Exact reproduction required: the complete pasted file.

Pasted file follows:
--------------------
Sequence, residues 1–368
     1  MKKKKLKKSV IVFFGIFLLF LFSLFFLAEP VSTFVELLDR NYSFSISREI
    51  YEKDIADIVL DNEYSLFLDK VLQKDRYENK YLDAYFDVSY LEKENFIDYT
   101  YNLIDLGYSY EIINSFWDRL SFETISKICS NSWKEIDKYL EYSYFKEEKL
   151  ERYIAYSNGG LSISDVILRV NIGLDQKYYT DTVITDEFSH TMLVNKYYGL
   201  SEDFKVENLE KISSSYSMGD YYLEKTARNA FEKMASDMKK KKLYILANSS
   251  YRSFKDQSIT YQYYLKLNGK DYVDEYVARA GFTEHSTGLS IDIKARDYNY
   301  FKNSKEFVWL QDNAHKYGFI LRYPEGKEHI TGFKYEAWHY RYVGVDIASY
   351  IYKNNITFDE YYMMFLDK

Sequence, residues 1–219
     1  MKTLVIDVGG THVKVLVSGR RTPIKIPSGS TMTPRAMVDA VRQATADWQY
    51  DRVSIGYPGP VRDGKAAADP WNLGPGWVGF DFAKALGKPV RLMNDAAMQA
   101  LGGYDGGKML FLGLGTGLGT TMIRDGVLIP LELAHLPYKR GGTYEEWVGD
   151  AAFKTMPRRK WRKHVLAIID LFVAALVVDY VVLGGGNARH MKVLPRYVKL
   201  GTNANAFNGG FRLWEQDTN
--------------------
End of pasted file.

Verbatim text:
Sequence, residues 1–368
     1  MKKKKLKKSV IVFFGIFLLF LFSLFFLAEP VSTFVELLDR NYSFSISREI
    51  YEKDIADIVL DNEYSLFLDK VLQKDRYENK YLDAYFDVSY LEKENFIDYT
   101  YNLIDLGYSY EIINSFWDRL SFETISKICS NSWKEIDKYL EYSYFKEEKL
   151  ERYIAYSNGG LSISDVILRV NIGLDQKYYT DTVITDEFSH TMLVNKYYGL
   201  SEDFKVENLE KISSSYSMGD YYLEKTARNA FEKMASDMKK KKLYILANSS
   251  YRSFKDQSIT YQYYLKLNGK DYVDEYVARA GFTEHSTGLS IDIKARDYNY
   301  FKNSKEFVWL QDNAHKYGFI LRYPEGKEHI TGFKYEAWHY RYVGVDIASY
   351  IYKNNITFDE YYMMFLDK

Sequence, residues 1–219
     1  MKTLVIDVGG THVKVLVSGR RTPIKIPSGS TMTPRAMVDA VRQATADWQY
    51  DRVSIGYPGP VRDGKAAADP WNLGPGWVGF DFAKALGKPV RLMNDAAMQA
   101  LGGYDGGKML FLGLGTGLGT TMIRDGVLIP LELAHLPYKR GGTYEEWVGD
   151  AAFKTMPRRK WRKHVLAIID LFVAALVVDY VVLGGGNARH MKVLPRYVKL
   201  GTNANAFNGG FRLWEQDTN